22 Jan 2018 (Luquillo) - On Saturday, January 13, we successfully held our third Teacher Data Jam Workshop of the Luquillo LTER Schoolyard Program. On this occasion,...
18 Jan 2018 (Sierra) - Meet the people behind the research!
17 Jan 2018 (Sierra) - Funding opportunities, recent publications, upcoming webinars, and other important information for southern Sierra researchers
17 Jan 2018 (Sierra) - Dr. Roger Bales's Nye Lecture, "Making up for lost snow: lessons from a warming Sierra Nevada", is now available to watch online.
Humidity determines snowpack ablation under a warming climate. Harpold A.A. and Brooks P.D. (2018): PNAS 115(6): 1215-1220 (Boulder, Catalina-Jemez) Cross-CZO
Beyond clay: towards an improved set of variables for predicting soil organic matter content. Rasmussen C., Heckman K., Wieder W.R., Keiluweit M., Lawrence C.R., Berhe A.A., Blankinship J.C., Crow S.E., Druhan J.L., Hicks Pries C.E., Marin-Spiotta E., Plante A.F., Schädel C., Schimel J.P., Sierra C.A., Thompson A., Wagai R. (2018): Biogeochemistry (online) (Calhoun, Catalina-Jemez, Christina, Eel, Luquillo, Sierra) Cross-CZO
Concentration-Discharge Relations in the Critical Zone: Implications for Resolving Critical Zone Structure, Function and Evolution. Chorover, J., Derry, L. A., McDowell, W. H. (2017): Water Resources Research 53(11): 8654–8659 (National, Catalina-Jemez, Luquillo, Shale Hills) Cross-CZO National
Growing new generations of critical zone scientists. Wymore Adam S., Nicole R. West, Kate Maher, Pamela L. Sullivan, Adrian Harpold, Diana Karwan, Jill A. Marshall, Julia Perdrial, Daniella M. Rempe and Lin Ma (2017): Earth Surface Processes and Landforms 42 (14): 2498-2502 (National, Boulder, Calhoun, Catalina-Jemez, Eel, IML, Luquillo, Reynolds, Shale Hills, Sierra) Cross-CZO National
Hydrogeomorphological differentiation between floodplains and terraces. Qina Yan, Toshiki Iwasaki, Andrew Stumpf, Patrick Belmont, Gary Parker, Praveen Kumar (2017): Earth Surface Processes and Landforms (IML)
Regional sensitivities of seasonal snowpack to elevation, aspect, and vegetation cover in western North America. Christopher J. Tennant, Adrian A. Harpold, Kathleen Ann Lohse, Sarah E. Godsey, Benjamin T. Crosby, Laurel G. Larsen, Paul D. Brooks, Robert W. Van Kirk, Nancy F. Glenn (2017): Water Resources Research 53 (National, Boulder, Catalina-Jemez, Reynolds, Sierra) Cross-CZO National
Impacts of hydraulic redistribution on grass–tree competition vs facilitation in a semi-arid savanna. Barron-Gafford G.A., Sanchez-Cañete E.P., Minor R.L., Hendryx S.M., Lee E., Sutter L.F., Tran N., Parra E., Colella T., Murphy P.C., Hamerlynck E.P., Kumar P. and Scott R.L. (2017): New Phytologist 215(4): 1451–1461 (Catalina-Jemez, IML) Cross-CZO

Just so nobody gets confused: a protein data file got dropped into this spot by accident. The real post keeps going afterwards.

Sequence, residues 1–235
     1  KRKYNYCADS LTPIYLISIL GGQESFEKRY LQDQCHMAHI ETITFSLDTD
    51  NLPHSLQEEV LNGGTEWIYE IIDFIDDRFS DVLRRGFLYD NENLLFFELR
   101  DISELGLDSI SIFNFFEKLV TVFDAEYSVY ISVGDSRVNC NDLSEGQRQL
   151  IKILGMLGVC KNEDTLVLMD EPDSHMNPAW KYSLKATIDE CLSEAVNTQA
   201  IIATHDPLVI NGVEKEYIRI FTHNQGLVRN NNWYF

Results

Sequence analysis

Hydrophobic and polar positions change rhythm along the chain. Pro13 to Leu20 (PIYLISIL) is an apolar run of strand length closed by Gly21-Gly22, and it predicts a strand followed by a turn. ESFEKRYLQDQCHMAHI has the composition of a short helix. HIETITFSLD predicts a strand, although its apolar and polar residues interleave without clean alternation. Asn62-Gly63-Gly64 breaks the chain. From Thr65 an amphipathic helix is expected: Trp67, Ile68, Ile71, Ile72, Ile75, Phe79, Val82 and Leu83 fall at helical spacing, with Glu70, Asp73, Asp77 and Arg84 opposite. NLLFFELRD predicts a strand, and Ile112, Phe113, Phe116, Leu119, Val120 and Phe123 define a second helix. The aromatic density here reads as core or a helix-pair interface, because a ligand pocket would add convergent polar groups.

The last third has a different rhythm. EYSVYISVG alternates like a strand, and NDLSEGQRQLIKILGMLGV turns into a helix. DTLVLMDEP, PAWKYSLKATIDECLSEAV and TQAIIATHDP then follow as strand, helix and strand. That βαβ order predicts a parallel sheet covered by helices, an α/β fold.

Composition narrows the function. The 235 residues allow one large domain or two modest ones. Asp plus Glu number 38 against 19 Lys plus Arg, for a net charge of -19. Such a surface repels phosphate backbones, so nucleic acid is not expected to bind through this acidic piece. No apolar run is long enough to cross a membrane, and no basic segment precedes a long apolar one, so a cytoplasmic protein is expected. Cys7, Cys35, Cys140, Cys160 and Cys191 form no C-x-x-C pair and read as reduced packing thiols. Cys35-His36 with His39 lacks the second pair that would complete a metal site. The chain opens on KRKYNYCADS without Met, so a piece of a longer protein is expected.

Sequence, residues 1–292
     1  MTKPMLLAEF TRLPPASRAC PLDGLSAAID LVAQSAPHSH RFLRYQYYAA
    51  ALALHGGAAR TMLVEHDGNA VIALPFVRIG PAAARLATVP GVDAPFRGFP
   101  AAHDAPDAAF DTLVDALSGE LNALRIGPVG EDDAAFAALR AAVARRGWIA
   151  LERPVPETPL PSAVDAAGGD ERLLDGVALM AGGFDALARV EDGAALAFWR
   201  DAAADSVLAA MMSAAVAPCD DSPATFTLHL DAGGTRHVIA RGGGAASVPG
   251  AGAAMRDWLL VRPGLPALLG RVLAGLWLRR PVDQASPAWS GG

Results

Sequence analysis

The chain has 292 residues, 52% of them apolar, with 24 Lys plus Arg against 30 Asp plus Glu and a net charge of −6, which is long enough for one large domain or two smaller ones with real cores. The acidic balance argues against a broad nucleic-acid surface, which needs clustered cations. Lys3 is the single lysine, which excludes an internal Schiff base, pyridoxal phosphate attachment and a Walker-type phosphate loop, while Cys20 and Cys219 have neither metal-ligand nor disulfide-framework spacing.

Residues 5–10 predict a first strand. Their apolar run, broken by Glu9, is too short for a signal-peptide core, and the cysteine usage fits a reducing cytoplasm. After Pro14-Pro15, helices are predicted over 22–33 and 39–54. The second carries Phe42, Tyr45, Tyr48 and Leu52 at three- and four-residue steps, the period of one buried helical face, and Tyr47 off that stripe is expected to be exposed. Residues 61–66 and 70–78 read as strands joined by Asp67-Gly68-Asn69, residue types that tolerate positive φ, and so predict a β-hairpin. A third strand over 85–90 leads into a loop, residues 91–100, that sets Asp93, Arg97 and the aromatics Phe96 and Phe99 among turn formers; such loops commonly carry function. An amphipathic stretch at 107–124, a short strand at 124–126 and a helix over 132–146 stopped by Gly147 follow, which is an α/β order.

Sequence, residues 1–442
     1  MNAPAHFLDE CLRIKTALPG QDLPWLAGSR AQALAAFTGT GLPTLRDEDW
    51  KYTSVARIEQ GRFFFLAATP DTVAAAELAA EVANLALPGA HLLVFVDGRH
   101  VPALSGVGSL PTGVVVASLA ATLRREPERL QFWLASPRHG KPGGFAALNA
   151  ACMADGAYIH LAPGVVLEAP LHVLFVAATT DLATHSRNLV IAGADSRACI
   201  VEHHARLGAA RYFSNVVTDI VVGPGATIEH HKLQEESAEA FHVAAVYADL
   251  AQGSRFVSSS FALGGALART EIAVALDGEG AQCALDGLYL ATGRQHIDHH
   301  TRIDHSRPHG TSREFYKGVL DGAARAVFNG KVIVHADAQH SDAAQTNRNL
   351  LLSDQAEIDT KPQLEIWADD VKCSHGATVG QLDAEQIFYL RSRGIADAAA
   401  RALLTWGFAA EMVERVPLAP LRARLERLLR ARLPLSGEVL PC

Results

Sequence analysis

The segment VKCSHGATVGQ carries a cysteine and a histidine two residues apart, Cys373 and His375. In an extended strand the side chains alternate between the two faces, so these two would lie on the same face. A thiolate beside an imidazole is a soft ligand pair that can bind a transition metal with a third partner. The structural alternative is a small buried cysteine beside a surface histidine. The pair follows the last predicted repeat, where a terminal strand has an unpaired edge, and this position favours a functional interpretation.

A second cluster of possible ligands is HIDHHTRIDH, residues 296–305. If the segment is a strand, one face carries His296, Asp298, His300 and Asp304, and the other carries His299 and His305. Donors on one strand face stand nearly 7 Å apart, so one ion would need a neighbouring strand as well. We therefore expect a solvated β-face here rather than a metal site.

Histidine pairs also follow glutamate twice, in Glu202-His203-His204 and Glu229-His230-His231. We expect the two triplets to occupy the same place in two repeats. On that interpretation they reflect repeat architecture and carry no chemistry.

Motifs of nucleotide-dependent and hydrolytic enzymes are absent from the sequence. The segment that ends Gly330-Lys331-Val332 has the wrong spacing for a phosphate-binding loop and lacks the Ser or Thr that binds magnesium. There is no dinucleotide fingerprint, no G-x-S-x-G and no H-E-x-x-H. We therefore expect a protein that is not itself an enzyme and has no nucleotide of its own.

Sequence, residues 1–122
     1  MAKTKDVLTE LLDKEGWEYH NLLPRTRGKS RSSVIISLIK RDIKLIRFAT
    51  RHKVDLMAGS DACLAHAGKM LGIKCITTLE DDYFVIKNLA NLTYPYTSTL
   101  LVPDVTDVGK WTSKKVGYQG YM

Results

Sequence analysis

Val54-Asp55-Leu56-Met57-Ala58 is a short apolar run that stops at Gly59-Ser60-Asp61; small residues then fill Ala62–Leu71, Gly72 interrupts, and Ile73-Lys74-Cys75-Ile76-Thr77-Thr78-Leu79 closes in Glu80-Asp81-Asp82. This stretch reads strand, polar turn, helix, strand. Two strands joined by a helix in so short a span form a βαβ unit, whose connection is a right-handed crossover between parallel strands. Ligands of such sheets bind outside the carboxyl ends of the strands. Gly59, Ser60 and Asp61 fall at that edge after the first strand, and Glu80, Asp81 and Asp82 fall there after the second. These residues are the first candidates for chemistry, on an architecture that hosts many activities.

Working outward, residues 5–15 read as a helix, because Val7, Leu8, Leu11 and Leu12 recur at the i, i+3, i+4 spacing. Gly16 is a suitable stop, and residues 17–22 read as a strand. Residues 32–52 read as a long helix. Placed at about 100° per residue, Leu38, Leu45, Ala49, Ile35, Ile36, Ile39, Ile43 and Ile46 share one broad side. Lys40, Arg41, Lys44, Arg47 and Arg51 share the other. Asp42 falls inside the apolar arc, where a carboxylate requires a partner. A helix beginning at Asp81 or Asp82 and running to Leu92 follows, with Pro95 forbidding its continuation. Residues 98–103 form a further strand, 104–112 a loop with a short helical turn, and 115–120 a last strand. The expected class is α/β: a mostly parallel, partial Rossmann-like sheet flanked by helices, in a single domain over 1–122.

Mechanisms controlling the impact of multi-year drought on mountain hydrology. Bales, R. C.; Goulden, M. L.; Hunsaker, C. T.; Conklin, M. H.; Hartsough, P. C.; O'Geen, A. T.; Hopmans, J. W.; Safeeq, M. (2018): Hydrological Processes: 10.1038/s41598-017-19007-0 (Sierra)
Subsurface plant-accessible water in mountain ecosystems with a Mediterranean climate. Klos, P. Z.; Goulden, M.; Riebe, C. S.; Tague, C.; O’geen, A. T.; Flinchum, B. A.; Safeeq, M.; Conklin, M. H.; Hart, S. C.; Berhe, A. A.; Hartsough, P. C.; Holbrook, S.; Bales R. C.; (2018): Hydrological Processes: 10.1002/wat2.1277 (Sierra)
Flow Resistance Interactions on Hillslopes With Heterogeneous Attributes: Effects on Runoff Hydrograph Characteristics. Papanicolaou, A.N., Abban, B., Dermisis, D., Giannopoulos, C., Flanagan, D., Frankenberger, J., and Wacha, K. (2018): Water Resources Research (IML)
Anthropocene Landscape Change and the Legacy of Nineteenth- and Twentieth-Century Mining in the Fourmile Catchment, Colorado Front Range. Dethier, D. P., Ouimet, W. B., Murphy, S. F., Kotikian, M., Wicherski, W., & Samuels, R. M. (2018): Annals of the American Association of Geographers, 1-21 (Boulder)
Nutrient foraging by mycorrhizas: From species functional traits to ecosystem processes. Chen, Weile, Koide, Roger T., and Eissenstat, David M. (2018): Functional Ecology, 00:1–12 (Shale Hills)
Engaging over data on fracking and water quality. Brantley, S.L., Vidic, R.D., Brasier, K., Yoxtheimer, D., Pollak, J., Wilderman, C., and Wen, T. (2018): Science, 359 (6374): 395-398 (Shale Hills)
Flow Resistance Interactions on Hillslopes With Heterogeneous Attributes: Effects on Runoff Hydrograph Characteristics. Papanicolaou, A.N., Abban, B.K., Dermisis, D.C., Giannopoulos, C.P., Flanagan, D.C., Frankenberger, J.R., and Wacha, K.M. (2018): Water Resources Research (IML)